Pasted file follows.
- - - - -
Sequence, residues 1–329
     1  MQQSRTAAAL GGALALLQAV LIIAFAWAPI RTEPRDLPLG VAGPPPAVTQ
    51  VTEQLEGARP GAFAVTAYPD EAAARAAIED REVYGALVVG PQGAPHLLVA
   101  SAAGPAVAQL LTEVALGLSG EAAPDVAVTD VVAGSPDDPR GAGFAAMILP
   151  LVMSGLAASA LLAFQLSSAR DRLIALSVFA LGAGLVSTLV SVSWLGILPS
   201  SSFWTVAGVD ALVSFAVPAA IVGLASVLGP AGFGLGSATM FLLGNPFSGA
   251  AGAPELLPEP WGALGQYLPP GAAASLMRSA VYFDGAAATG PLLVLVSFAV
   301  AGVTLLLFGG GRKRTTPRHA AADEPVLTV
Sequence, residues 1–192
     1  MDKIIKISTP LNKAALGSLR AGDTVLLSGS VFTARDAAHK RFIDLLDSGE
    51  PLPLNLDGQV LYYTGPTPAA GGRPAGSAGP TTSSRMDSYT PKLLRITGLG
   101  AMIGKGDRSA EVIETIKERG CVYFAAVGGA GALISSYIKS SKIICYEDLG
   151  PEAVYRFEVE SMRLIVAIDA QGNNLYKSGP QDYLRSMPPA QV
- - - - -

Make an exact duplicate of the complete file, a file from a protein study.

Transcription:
Sequence, residues 1–329
     1  MQQSRTAAAL GGALALLQAV LIIAFAWAPI RTEPRDLPLG VAGPPPAVTQ
    51  VTEQLEGARP GAFAVTAYPD EAAARAAIED REVYGALVVG PQGAPHLLVA
   101  SAAGPAVAQL LTEVALGLSG EAAPDVAVTD VVAGSPDDPR GAGFAAMILP
   151  LVMSGLAASA LLAFQLSSAR DRLIALSVFA LGAGLVSTLV SVSWLGILPS
   201  SSFWTVAGVD ALVSFAVPAA IVGLASVLGP AGFGLGSATM FLLGNPFSGA
   251  AGAPELLPEP WGALGQYLPP GAAASLMRSA VYFDGAAATG PLLVLVSFAV
   301  AGVTLLLFGG GRKRTTPRHA AADEPVLTV
Sequence, residues 1–192
     1  MDKIIKISTP LNKAALGSLR AGDTVLLSGS VFTARDAAHK RFIDLLDSGE
    51  PLPLNLDGQV LYYTGPTPAA GGRPAGSAGP TTSSRMDSYT PKLLRITGLG
   101  AMIGKGDRSA EVIETIKERG CVYFAAVGGA GALISSYIKS SKIICYEDLG
   151  PEAVYRFEVE SMRLIVAIDA QGNNLYKSGP QDYLRSMPPA QV